Role of the interaction of migratory bird species with nonmigratory poultry in sustaining H5N1 avian influenza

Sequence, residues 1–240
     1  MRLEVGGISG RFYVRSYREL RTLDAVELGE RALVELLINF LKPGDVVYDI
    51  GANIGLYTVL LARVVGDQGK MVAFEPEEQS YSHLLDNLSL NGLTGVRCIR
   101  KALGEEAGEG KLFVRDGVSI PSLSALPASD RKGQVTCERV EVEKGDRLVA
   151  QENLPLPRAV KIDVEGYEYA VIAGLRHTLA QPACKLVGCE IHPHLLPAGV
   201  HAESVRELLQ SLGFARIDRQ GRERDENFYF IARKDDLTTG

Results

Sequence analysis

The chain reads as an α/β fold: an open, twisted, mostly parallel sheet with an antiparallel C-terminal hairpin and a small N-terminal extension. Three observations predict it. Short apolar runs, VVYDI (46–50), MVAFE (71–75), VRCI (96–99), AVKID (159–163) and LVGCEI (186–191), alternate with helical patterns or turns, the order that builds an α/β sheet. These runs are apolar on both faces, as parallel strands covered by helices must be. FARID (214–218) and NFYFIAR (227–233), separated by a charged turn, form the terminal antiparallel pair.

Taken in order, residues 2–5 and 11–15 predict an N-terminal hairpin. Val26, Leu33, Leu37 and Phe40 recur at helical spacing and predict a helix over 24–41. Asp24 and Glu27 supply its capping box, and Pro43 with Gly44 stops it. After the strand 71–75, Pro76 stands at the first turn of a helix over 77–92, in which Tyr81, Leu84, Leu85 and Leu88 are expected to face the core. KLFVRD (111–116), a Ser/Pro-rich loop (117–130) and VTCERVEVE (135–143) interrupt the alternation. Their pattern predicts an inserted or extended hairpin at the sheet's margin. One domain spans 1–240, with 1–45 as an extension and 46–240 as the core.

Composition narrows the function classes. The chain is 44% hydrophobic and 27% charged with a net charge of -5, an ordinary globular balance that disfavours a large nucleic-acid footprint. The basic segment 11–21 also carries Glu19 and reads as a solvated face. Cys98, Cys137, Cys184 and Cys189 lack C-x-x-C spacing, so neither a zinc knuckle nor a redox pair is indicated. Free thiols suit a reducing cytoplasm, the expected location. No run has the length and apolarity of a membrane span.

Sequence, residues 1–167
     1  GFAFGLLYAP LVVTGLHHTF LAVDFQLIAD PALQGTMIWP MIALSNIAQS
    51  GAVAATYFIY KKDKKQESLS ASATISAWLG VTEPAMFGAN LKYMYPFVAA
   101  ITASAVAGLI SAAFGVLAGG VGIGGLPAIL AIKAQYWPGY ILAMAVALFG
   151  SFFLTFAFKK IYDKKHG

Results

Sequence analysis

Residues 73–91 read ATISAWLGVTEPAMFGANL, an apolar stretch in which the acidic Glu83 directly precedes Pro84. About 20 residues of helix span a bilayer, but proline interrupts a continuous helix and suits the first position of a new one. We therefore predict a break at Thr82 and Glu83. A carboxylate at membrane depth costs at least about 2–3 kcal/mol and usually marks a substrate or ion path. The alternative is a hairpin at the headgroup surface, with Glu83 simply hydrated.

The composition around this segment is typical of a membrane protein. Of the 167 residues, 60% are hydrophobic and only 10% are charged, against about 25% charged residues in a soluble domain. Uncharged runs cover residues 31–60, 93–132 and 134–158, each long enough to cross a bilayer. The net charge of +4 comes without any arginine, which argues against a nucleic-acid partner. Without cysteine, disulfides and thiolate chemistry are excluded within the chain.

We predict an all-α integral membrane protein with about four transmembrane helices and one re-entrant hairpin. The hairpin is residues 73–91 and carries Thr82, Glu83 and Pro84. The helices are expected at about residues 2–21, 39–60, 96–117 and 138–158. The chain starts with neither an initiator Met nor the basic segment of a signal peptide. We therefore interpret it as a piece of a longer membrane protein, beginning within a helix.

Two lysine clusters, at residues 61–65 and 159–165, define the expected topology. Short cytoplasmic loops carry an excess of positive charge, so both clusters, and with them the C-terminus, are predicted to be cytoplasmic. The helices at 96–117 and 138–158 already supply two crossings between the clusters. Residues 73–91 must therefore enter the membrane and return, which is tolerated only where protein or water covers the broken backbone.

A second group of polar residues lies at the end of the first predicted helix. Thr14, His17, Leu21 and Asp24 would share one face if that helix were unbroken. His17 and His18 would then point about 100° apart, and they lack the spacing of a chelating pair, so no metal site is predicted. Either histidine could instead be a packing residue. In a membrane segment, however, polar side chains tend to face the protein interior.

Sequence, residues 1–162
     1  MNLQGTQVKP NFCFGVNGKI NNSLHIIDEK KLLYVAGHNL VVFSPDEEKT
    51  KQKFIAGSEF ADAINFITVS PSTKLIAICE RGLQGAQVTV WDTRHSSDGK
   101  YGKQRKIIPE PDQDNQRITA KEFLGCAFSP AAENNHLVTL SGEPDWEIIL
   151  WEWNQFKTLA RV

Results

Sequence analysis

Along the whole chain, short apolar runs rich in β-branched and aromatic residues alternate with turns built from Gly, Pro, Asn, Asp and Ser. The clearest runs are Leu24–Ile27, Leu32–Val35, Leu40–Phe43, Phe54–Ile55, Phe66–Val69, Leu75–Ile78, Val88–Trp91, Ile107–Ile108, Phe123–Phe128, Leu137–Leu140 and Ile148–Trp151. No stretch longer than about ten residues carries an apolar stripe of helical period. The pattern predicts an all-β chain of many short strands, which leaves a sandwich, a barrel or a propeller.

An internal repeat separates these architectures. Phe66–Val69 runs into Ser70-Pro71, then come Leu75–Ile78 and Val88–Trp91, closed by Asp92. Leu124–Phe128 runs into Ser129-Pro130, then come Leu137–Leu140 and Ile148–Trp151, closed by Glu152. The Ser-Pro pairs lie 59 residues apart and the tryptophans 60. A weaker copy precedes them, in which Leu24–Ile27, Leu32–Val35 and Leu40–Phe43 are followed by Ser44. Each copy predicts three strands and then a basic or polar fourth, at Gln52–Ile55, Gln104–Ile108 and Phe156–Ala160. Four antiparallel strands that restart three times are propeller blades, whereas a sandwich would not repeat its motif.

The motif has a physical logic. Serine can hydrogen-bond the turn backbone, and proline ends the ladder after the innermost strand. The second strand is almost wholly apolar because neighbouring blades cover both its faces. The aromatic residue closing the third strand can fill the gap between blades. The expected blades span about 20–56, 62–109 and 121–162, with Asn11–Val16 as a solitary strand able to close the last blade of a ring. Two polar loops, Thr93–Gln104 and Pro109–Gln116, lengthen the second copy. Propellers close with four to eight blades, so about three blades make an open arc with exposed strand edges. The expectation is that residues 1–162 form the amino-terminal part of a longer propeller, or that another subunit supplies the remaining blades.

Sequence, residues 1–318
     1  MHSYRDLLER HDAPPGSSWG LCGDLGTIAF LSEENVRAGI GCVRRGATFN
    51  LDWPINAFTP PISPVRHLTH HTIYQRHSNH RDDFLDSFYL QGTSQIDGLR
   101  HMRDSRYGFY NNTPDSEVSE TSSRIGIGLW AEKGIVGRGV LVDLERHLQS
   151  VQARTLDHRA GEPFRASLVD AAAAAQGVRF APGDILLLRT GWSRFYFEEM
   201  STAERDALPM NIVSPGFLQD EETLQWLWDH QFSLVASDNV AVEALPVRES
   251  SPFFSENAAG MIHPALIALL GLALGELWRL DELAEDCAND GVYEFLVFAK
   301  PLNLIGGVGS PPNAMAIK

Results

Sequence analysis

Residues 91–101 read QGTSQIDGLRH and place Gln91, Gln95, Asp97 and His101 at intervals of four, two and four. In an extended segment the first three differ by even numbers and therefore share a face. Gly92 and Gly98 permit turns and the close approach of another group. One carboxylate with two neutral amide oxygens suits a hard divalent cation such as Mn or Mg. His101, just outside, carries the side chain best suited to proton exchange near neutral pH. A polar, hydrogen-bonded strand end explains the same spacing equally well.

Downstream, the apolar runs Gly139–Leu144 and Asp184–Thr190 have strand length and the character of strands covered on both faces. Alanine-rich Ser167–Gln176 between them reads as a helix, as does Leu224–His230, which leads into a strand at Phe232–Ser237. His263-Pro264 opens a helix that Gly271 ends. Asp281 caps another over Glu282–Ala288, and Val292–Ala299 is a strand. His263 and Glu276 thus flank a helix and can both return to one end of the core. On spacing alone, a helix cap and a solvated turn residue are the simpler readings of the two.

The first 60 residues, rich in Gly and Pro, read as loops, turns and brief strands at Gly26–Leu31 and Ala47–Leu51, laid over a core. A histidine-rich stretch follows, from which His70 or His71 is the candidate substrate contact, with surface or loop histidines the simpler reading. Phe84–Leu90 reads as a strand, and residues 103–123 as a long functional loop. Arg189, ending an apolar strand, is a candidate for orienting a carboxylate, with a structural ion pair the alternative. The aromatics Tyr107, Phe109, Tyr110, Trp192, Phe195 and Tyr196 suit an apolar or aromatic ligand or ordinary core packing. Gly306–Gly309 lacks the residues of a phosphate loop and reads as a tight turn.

We investigate the role of migratory birds in the spread of H5N1 avian influenza, focusing on the interaction of a migratory bird species with nonmigratory poultry. The model is of patch type and is derived with the aid of reaction-advection equations for the migratory birds in the air along the flyways. Poultry may reside at some or all of the four patches of the model, which consist of the breeding patch for the migratory birds, their winter feeding patch, and two stopover patches where birds rest and refuel on their migration. Outward and return migratory routes can be different. The equations for the migratory birds contain time delays which represent the flight times for migratory birds along particular sectors. Delays also appear in the model coefficients via quantities which represent flight survival probabilities for the various sectors. We establish results on positivity, boundedness, global asymptotic stability of the disease-free equilibrium, and the persistence of infection. We also discuss extensions of the model to include the seasonality of the migration phenomenon. Numerical simulations support the analytical findings; here we used data on H5N1 infected ducks in the Poyang Lake region of China.